Live chat Thursday: What should be done to rebuild the Louisiana coast?

This week, The Lens published columns with opposing views about how to rebuild the sinking Louisiana coast.

Thursday at noon CST, Ricks and Muth will join us here for a live, text-based Web chat. Lens environmental reporter Bob Marshall will kick things off with a few questions, and then Ricks and Muth will field questions from Lens readers.

Once the event is live, you can post your questions and comments under the “live chat” heading below. I’ll moderate your comments to keep the discussion on track. We’re looking for a civil conversation about the relative merits of these approaches.

The chat will remain here once the event is over, and you can continue the discussion in the comments section.

See you Thursday at noon.

Live chat

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About Steve Myers

Steve Myers is editor of The Lens. Before joining the staff in 2012, Myers was managing editor of Poynter Online, the preeminent source of news and training about the journalism industry. At Poynter, he wrote about emerging media practices such as citizen journalism, nonprofit news sites, real-time reporting via social media, data-oriented news apps, iPhoneography, and the fact-checking movement. Six of his 10 years in newspapers were spent as a local government reporter in Mobile, Ala., where he focused on local government accountability, from jail management to hurricane preparation and response. He can be reached at (504) 298-9750.

  • Tac Carrere

    Great discussion. Folks what we need is a combination by dredging and the diversion of the River to give the vegetation a helping hand by decreasing salinities.

    Funding is always going to be an issue. We have now an unprecedented opportunity to have a contributor of over on third of the coastal erosion problem pay to get the solution rolling. If your serious you need to call the governor and your state representives and insist that the keep the politics out of the levee board suit

    We also need to insist that the engineering community get together and stop the studies. To much of OUR resources are going to the politically connected engineering firms. It’s a big part of the problem. Time, money and LAND are being wasted.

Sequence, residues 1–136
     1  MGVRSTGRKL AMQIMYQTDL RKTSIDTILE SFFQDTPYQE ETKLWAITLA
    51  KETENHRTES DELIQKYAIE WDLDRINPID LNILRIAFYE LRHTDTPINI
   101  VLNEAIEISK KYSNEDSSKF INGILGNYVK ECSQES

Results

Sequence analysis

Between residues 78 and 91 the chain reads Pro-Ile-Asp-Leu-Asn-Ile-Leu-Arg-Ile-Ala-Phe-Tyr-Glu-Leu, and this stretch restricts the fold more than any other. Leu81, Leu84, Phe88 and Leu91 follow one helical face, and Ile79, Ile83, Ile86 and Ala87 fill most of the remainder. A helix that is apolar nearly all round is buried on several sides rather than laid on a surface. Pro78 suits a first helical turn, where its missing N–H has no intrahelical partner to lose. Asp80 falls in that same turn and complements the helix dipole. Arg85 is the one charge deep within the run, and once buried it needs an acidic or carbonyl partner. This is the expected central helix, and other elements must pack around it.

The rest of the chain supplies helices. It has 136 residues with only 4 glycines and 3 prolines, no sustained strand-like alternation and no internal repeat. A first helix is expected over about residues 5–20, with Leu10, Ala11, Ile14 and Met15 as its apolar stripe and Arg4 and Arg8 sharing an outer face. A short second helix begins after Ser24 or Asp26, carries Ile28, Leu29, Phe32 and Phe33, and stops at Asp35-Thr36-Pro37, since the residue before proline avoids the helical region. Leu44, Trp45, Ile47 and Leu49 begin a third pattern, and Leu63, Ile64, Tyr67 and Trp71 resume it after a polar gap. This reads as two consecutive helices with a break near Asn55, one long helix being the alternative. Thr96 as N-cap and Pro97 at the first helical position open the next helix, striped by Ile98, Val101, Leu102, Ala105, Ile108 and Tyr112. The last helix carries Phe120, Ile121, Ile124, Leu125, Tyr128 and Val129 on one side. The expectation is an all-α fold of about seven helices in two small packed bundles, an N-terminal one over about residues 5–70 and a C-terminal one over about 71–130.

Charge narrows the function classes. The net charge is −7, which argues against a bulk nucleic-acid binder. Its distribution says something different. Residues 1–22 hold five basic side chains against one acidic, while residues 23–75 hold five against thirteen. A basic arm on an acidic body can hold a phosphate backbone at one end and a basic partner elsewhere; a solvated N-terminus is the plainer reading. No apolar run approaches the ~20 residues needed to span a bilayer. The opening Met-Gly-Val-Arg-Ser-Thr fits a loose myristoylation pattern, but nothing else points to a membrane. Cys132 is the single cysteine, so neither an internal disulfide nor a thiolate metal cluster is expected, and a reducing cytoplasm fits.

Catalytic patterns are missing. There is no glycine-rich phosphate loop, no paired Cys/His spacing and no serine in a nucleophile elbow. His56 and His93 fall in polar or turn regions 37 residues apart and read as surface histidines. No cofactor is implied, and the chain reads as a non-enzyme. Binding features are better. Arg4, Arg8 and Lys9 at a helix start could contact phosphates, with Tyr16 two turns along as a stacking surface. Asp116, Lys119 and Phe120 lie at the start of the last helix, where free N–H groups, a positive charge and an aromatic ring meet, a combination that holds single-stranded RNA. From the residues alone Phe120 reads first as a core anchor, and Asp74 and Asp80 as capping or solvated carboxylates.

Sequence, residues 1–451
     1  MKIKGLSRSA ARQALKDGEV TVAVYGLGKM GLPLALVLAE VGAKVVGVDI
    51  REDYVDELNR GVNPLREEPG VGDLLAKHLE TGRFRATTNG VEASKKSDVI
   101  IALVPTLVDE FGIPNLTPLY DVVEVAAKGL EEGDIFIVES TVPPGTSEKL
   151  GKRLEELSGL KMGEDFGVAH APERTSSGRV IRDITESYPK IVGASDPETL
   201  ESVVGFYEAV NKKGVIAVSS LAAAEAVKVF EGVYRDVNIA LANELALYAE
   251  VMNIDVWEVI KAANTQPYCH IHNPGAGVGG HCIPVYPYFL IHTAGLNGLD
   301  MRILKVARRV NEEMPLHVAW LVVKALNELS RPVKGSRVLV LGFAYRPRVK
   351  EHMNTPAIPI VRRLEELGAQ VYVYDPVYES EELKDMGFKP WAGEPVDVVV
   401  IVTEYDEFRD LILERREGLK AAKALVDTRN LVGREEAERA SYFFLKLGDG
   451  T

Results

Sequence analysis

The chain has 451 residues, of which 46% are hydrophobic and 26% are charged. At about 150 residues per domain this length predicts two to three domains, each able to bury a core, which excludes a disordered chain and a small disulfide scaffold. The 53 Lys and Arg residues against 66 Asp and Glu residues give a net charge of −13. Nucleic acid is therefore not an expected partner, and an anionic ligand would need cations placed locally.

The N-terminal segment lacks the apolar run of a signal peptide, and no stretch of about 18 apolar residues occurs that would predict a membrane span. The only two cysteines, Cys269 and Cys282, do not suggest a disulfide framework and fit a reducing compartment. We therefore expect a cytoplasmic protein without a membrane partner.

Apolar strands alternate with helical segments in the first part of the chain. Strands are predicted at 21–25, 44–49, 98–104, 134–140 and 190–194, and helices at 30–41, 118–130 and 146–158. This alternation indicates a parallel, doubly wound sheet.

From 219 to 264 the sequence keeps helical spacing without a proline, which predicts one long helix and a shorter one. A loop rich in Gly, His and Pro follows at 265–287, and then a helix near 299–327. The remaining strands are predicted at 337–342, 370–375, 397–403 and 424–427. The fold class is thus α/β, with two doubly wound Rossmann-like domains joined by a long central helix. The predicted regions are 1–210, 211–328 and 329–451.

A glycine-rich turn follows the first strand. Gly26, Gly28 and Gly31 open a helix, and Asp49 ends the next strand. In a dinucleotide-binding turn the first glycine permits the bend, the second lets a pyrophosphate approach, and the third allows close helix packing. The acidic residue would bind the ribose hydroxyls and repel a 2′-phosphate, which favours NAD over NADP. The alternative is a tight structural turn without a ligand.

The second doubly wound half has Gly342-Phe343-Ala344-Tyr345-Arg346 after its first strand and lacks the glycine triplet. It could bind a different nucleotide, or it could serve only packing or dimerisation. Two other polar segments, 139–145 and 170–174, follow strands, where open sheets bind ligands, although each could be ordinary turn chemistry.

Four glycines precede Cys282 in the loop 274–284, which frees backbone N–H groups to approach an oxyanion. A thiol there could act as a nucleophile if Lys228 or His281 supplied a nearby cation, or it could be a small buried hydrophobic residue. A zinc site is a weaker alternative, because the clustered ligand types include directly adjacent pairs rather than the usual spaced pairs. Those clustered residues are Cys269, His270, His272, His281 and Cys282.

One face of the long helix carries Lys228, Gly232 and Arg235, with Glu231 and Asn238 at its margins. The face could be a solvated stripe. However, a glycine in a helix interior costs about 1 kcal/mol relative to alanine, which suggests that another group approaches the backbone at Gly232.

Now for a big reality check. Gentlemen I believe to adequately address this we need to get the dredging community, barge and shipping companies and builders to allow for a TEMPORARY amendment to the Jones Act to allow the use of foreign flagged vessels from other countries to come here to start the job. These industries are vehemently opposed to allowing this for fear that it will upset the protectionism that they staunchly covet that is the Jones Act. I say a temporary amendment because it be allowed only for the period of time to allow the domestic industry build an adequate fleet to do the job that’s needed in the time frame we have.

  • ricky ricardo

    Capt Ricks, I see a lot of discussion from your side of the debate regarding the high levels of uncertainty of river diversions (which there undoubtedly are). When you discuss dredging, you often note that cheaper technologies must be developed (as they do not currently exist)…is this method also not relying on high levels of uncertainty? The cheap dredging technology is also largely just an idea on paper. More dredging occurs worldwide right now than at any previous time period. With the global nature of communications and economies, I doubt a secret ‘cheap dredging’ technology exists out there somewhere that the CPRA aren’t capitalizing on. Moreover, if it did exist, why isn’t anybody making boatloads of money employing it in South Louisiana? It seems your solution is just as uncertain, if not more so, than the CPRA’s ideas on the matter.